Last week a quite interesting event on sustainable finance took place in Milan, organized by NN IP (NN Investment Partners).
Jeroen Derwall, professor of Finance at Maastricht University, co-founder of Ecce (European Centre for Corporate Engagement, a renowned research centre NN IP partners with) and Moskowitz Prize winner in 2005, presented the first results of an innovative study focused on the integration of Esg factors in the fixed-income space. Simona Merzagora, Managing Director at NN IP, also presented some noteworhty slides on the evolution and rise in importance of Esg factors – also referred to as intangibles or extra-financial factors – when it comes to the assessment of a listed company’s market value: she showed that while in 1975 intangibles assets represented less than 20% of a company’s market value, fourty years later that figure increased more than four fold to 87%. To some extent, you can call it the intangibles tyranny, although that shifting has been no doubt welcome.
Francesco Bicciato, Secretary General at the Italian SIF (FFS-Forum per la Finanza Sostenibile), then said that over the last two years and a half FFS’ members doubled, from 40 to roughly 80. Lorenzo Saa, Director Networks and Global Outreach at Un Pri, also reminded the audience of the astonishing increase in Un Pri’s signatories over a little more than a decade: from 2006, when Un Pri was launched, until today, the signatories passed from a few dozen to more than 2,000, with a total AUM of about US$ 80 trillions. He added that Southern Europe, especially Italy and Spain, is one of the fastest-growing markets in the world with regard to new signatories.
All these voices heard in Milan seemed to me just one voice saying: Esg days have come; Esg finance is now mainstream; you can’t help but go through Esg factors, analysis, integration if you’re an (institutional) investor.
That said, the question is: which are the main reasons or drivers behind the spectacular and unstoppable growth of sustainable finance over the last decade and mainly, I would specify, over the last two-three years? I know that’s the million dollar question. But on that point, it was Lorenzo Saa who helped connect the dots. In his view, the drivers I was wondering about are: first, the increased awareness that sustainable finance has been proved not to penalise returns, in other words that the integration of Esg factors in the investment process doesn’t affect performances, quite the opposite; second, the big growth in demand, both from institutional and from retail investors; third, the fact that Esg integration and being sustainable at large have become increasingly a matter of reputation for investors, mainly for the institutional ones; fourth, the growing impact of public policies and regulatory initiatives related to sustainable finance throughout the world.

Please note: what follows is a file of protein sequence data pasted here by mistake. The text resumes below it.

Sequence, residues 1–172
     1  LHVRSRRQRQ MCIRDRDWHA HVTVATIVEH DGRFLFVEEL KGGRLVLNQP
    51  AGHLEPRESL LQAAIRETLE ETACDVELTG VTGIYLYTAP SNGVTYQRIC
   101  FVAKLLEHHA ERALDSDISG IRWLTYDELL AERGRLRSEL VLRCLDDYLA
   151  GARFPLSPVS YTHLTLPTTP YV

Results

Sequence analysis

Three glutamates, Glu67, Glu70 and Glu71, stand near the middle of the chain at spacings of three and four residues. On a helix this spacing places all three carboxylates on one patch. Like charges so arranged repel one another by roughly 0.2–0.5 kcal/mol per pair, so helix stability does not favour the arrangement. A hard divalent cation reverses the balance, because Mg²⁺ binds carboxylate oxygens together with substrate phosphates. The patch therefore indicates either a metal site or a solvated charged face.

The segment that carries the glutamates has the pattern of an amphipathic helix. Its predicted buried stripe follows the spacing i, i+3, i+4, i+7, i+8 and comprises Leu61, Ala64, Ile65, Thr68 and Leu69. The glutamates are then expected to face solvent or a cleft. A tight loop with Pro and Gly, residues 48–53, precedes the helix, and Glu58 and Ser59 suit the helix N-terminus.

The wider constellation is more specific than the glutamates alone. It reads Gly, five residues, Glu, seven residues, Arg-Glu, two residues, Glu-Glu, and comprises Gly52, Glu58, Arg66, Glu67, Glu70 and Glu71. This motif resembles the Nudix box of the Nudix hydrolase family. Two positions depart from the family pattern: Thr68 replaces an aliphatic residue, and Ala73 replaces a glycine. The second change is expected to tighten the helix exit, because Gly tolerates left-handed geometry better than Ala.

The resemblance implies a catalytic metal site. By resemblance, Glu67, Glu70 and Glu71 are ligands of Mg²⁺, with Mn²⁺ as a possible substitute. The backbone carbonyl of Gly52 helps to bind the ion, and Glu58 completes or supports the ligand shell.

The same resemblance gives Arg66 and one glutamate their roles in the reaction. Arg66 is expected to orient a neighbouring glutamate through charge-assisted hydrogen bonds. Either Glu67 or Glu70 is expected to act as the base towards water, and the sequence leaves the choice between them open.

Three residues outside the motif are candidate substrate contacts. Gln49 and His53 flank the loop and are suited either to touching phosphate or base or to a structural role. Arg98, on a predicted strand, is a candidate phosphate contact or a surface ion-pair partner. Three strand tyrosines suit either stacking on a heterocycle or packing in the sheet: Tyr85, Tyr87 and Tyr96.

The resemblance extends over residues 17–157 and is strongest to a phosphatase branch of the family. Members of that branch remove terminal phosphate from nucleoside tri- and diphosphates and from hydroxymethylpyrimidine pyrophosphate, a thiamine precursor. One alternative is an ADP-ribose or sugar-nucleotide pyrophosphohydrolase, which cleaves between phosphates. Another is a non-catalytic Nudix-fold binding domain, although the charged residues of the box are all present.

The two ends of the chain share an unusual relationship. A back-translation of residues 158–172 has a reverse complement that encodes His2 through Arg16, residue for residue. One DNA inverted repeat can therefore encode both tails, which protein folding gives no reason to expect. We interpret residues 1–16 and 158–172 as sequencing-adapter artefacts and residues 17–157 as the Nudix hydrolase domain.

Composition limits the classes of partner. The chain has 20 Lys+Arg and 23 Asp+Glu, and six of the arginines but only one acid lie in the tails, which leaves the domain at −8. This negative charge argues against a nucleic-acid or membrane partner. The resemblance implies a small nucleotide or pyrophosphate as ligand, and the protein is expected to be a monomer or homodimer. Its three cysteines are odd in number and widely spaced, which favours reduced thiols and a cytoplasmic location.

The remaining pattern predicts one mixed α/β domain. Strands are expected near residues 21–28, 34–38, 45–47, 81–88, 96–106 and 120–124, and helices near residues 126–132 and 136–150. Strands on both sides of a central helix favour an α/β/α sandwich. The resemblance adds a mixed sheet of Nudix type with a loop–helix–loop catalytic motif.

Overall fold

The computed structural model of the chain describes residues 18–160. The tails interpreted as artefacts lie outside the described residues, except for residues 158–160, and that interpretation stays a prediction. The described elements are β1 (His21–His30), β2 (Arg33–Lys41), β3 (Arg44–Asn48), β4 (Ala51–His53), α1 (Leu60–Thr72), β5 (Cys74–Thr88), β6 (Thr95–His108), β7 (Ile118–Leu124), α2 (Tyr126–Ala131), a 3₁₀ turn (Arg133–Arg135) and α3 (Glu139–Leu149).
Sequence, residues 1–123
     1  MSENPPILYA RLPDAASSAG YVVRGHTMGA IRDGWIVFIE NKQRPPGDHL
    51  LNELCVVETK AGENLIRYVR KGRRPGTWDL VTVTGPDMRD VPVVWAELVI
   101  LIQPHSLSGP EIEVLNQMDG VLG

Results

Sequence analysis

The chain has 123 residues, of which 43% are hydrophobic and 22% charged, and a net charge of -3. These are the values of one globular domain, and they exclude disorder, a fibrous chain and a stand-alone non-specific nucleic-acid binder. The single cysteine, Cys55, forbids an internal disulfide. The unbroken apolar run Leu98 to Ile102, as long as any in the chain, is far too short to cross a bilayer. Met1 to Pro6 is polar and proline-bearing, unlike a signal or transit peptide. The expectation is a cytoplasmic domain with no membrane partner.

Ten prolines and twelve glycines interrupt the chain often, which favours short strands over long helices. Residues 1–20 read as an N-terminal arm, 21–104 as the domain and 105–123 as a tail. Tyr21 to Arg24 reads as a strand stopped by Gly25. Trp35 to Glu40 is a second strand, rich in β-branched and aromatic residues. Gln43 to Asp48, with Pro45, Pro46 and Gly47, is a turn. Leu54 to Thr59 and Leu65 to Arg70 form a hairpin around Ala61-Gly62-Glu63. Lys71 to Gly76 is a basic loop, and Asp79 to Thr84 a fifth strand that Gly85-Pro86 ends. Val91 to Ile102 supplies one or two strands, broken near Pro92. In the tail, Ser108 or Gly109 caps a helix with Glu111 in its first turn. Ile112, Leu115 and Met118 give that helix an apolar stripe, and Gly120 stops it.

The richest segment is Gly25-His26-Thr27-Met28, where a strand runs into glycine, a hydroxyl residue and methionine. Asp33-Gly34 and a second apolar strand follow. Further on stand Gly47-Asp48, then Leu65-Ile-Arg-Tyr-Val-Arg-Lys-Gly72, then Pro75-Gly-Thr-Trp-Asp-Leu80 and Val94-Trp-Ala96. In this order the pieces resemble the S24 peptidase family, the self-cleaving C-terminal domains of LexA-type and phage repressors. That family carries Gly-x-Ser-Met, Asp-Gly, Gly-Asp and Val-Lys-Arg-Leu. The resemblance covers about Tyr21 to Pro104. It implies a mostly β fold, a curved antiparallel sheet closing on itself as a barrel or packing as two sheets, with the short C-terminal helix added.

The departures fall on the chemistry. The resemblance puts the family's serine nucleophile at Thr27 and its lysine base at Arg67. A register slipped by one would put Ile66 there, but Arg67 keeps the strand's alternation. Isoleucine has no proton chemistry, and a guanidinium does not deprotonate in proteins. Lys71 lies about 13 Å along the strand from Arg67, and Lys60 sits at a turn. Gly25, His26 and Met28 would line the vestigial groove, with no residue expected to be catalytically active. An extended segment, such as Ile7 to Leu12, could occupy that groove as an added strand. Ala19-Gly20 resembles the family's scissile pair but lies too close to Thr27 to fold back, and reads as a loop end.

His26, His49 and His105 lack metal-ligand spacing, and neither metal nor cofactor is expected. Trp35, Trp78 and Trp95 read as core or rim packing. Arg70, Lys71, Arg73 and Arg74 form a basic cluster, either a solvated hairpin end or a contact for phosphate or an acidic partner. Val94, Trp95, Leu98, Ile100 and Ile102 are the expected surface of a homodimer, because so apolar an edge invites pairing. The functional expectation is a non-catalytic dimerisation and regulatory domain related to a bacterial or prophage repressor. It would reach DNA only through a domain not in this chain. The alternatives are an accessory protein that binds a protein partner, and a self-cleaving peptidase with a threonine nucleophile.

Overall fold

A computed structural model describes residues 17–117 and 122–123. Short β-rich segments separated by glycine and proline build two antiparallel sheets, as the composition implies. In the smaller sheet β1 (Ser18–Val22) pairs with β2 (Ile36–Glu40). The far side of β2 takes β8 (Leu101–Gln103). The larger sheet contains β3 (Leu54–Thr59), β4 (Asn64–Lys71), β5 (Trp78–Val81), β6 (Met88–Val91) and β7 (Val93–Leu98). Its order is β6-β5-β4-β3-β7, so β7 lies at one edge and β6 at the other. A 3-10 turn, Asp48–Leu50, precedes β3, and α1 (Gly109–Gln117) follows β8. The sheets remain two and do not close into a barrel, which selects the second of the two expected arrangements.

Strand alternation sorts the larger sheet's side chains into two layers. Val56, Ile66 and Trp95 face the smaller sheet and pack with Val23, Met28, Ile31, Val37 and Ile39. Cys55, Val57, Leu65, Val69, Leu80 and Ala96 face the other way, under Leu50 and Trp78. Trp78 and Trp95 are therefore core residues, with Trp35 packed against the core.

Let’s focus for a while on the last point. As the final report of the UN Environment Inquiry into the Design of a Sustainable Financial System recently revealed, policy measures regarding sustainable finance have accelerated considerably over the last few years, passing from 139 measures in place at the end of 2013 to 300 at the end of 2017. Similar figures emerged from a previous study published by Un Pri in late 2016: more than 300 policy instruments were identified in the largest 50 world’s economies, with more than half of which being created between 2013 and 2016. Moreover, consider the recent well-known huge moves in this space made by the European Commission and the European Parliament, which put Europe at the forefront of sustainable finance globally even more than it was.
To say it in brief, it seems that sustainable finance has definitely entered the policy-driven era, policy initiatives and regulatory instruments having become the most important driver for the growth of sustainable finance.
About that, tomorrow in Italy – to be more precise, on Twitter, since it’s a Twitter Chat – a debate (in Italian) is going to take place, which everybody working in the sustainable finance field might be interested in at least a bit, and not only in Italy, around the following question: what about introducing sustainable finance principles into the Constitution of the Italian Republic, the Supreme Law? Is it something to consider as possible, proper, necessary, desirable, achievable? What could it mean in symbolic terms? And in practical terms which could be the consequences? Could it help Italy achieve the SDGs?
Tomorrow morning, June 6th, from 11:30 am to 12:30 pm, a group of ten distinguished guest speakers will debate the issue, starting from the definition of sustainable finance provided by the Italian Sif some years ago. Tomorrow’s Twitter Chat is listed in the official Events Calendar of the 2nd Sustainable Development Festival underway in Italy, promoted by the Italian Alliance for Sustainable Development (Asvis).
As far as I know, no one country in the world has introduced sustainable finance principles into its own Constitution. I can’t say if my country will be the first. But, in case, I think that it would represent a (big!) change likely to be much appreciated by future generations.